When the largest farm-to-city water transfer was approved in 2003, the state of California gave itself a 15-year period to find a solution to the receding Salton Sea waterline — an environmental disaster waiting to happen.
Those 15 years are up. The mitigation water the Imperial Irrigation District was obligated to divert to the Salton Sea has come to an end, and it’s expected the lake’s receding water rate will speed up starting this year, increasing the risk of developing respiratory diseases through the Imperial and Coachella valleys.
Although the state is considerably behind in its efforts, in 2017, there were important administrative milestones reached that are expected to allow the Natural Resources Agency to have a streamlined process. Those milestones include the release of its 10-year plan and the adoption of the stipulated order to the water order from the quantification settlement agreement.
In 2018, the state will be concentrating its efforts to build habitat and dust suppression projects in the south end of the sea, west of the New River, in the Torres Martinez reservation area and Desert Shores.
Under the stipulated order, which was approved by the State Water Resources Control Board in November, the state must cover a specific amount of acreage around the sea each year — for 2018 the state will have to build projects that cover 500 acres. The total acreage to be covered will increase with time and by the end of the 10-year plan, 30,000 acres are expected to have been covered.
The project that is further along is the Red Hill Bay project, located in the southeastern corner of the lake, and is expected to cover more than 500 acres with shallow water habitat that will blend the Salton Sea and Alamo River water.
Assistant Secretary for Salton Sea Policy for the CNRA Bruce Wilcox said most of the earthwork has been completed, with grading and pump installation coming next.
The Species Conservation Habitat Project, which is a designed project for the southwestern corner of the lake, is expected to cover 640 acres and is currently in the permitting phase. Wilcox said he hopes all of the necessary paperwork will be completed soon so construction can begin in the second half of this year.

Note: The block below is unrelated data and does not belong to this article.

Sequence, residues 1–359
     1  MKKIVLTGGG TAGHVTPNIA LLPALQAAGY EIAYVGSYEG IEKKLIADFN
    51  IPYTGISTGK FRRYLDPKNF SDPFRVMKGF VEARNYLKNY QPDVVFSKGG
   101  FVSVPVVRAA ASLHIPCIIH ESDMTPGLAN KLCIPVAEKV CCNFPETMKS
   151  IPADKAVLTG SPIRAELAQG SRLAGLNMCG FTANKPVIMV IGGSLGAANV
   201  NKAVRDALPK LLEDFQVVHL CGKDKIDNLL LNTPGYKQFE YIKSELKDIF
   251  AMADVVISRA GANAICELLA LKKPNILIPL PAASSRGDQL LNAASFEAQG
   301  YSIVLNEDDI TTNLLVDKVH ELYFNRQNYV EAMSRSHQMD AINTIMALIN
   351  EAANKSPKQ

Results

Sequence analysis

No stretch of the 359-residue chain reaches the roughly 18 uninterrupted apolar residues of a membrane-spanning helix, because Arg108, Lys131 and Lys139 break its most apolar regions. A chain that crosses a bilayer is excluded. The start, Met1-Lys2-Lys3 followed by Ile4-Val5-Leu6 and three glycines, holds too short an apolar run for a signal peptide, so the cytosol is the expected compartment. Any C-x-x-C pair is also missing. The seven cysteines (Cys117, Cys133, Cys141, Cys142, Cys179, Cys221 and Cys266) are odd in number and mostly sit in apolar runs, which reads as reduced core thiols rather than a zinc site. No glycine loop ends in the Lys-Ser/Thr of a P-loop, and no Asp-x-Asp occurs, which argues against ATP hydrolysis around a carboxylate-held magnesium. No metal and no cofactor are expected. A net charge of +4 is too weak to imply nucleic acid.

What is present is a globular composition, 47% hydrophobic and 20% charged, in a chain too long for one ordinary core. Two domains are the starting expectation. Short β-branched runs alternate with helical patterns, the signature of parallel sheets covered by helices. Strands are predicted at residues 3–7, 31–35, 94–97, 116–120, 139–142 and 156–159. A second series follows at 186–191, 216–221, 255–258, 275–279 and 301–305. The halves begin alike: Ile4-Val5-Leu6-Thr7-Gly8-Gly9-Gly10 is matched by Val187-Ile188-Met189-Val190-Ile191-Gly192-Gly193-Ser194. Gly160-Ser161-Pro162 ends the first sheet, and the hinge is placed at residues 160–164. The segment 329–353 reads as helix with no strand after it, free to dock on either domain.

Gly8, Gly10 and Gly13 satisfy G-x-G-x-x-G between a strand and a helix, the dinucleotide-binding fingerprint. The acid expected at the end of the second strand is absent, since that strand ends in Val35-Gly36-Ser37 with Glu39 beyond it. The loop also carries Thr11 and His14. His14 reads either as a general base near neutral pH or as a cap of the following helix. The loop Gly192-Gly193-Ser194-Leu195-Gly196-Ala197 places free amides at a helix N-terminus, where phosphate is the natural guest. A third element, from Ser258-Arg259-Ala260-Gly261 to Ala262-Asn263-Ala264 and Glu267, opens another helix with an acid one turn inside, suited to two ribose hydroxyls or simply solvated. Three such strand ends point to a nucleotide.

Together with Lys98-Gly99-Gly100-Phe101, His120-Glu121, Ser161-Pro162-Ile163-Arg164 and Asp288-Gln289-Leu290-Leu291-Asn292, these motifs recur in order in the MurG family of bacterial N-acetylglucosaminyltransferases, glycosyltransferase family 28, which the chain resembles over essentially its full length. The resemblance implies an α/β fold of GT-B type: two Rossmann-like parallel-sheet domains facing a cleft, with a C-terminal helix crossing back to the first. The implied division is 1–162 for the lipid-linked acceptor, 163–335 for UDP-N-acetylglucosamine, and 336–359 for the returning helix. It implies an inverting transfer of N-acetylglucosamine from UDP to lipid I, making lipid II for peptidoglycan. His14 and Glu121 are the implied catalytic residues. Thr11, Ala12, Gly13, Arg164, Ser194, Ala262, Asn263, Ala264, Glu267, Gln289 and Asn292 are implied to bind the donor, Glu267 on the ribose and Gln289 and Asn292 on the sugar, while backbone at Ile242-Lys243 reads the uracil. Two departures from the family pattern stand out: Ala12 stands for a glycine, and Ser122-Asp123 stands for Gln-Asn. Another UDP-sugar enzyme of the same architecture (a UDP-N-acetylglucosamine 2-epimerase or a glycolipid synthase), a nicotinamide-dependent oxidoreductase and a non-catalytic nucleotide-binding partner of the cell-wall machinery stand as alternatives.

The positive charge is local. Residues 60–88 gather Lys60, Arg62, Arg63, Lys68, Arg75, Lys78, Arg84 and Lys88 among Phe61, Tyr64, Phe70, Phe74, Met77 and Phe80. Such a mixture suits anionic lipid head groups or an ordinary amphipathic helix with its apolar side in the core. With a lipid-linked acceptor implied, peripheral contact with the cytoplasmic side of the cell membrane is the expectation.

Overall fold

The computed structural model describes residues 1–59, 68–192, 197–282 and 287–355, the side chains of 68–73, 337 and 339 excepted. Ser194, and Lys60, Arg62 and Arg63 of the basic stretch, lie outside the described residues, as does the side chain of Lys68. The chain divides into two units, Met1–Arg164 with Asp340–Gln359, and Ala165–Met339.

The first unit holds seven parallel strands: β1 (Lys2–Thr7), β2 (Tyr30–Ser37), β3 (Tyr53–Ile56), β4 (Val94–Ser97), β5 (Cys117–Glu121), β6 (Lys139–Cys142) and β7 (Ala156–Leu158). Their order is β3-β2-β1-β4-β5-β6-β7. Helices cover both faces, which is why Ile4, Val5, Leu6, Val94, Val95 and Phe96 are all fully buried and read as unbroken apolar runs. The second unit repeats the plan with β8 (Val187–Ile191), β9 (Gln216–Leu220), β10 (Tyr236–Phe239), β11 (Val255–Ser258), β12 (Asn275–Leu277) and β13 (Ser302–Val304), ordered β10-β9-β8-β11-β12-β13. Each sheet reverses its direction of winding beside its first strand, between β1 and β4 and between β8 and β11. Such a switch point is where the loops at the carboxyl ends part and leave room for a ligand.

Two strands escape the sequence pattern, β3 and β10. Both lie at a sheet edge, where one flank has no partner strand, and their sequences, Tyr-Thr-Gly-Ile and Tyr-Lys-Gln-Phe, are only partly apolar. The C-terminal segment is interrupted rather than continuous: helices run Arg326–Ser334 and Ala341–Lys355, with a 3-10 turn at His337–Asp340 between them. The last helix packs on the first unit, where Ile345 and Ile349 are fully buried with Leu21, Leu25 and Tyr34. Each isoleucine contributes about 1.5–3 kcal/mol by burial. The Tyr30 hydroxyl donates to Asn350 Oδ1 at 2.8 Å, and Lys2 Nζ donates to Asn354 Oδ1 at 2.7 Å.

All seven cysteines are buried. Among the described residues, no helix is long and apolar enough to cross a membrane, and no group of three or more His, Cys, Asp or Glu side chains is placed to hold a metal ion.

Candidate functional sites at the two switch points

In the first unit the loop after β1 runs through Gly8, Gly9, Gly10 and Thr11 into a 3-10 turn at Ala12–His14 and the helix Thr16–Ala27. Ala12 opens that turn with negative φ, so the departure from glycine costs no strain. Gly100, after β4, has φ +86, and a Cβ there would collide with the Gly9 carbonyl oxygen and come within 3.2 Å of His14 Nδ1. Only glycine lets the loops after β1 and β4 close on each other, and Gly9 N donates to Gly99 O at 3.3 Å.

After strong support from its community, the Desert Shores Keys Project has also been added to the 10-year program, which will be updated later this month.
The Desert Shores Restoration and Dust Mitigation Pilot Project consists of a berm installed to block the water within the 28-acre channel that has disconnected from the Salton Sea. It will allow imported water pumped from the sea to remain in the keys, which will prevent playa from being exposed to residents.
Since the first version of the plan was unveiled, residents criticized the state’s plan since it didn’t include any habitat or dust suppression projects in the area where people live. After the community of Desert Shores worked independently to restore the keys and pleaded their case to the state, the CNRA is now on board.
“I think there is a desire to help those communities to the extent we can,” Wilcox said. “We’ve always had dust suppression projects in the area, but the community badly wants the harbor to be restored, and we want to see if we can make it work. These residents are also stakeholders in this process.”
He also noted the permitting process for that project is expected to be lengthy and extensive.
In addition to the continued work on the current projects, the state will also be active in three other matters related to the Salton Sea — the review of the request for information regarding water importation projects, continue to work on the Long Range Plan, and carry out outreach in order to ensure the passage of SB 5, a $4.1 billion park bond that includes $190 million for the Salton Sea Management Program.
Although permitting and land-use issues are time-consuming challenges that lay ahead, the most crucial element of the plan is to be fully-funded, which at the time it’s not. In 2016, Gov. Jerry Brown allocated $80.5 million from the water bond (Prop 1) for the Salton Sea Management Program while the expected total cost for the 10-year plan is expected to be $393 million. Even if SB 5 is passed in June, there will still be a shortfall of more than $100 million to fully fund the 10-year plan.
“The biggest challenge is we still don’t have all the funding for the full 10-year plan, we have enough money for the first few years, but after that, we still got funding issues so we’ll have to keep thinking on different funding sources as we move forward,” Wilcox said.
So far the CNRA has separated the first $20 million for consulting and permitting, and the remaining $60 million for building projects which have yet to be used as the Red Hill Bay and Species Conservation Habitat are funded through other means.
Imperial Irrigation District Governmental Affairs Officer Antonio Ortega said that in their perspective, there is still too little progress to show for on the ground since many of the projects have been delayed in the permitting process. He added, the IID — among other stakeholders — will push for the CNRA to make use of the available funds to get projects built.
One of the most critical issues that the state — along with local and regional stakeholders — will have to focus on is their efforts to ensure the passage of SB 5, which can be a major push toward building needed dust suppression projects. If the park bond is not approved, it would be a major setback and the state will have to find other ways to pay for the projects.
Staff Writer Edwin Delgado can be reached at firstname.lastname@example.org
Staff Writer Edwin Delgado can be reached at email@example.com or 760-337-3440.
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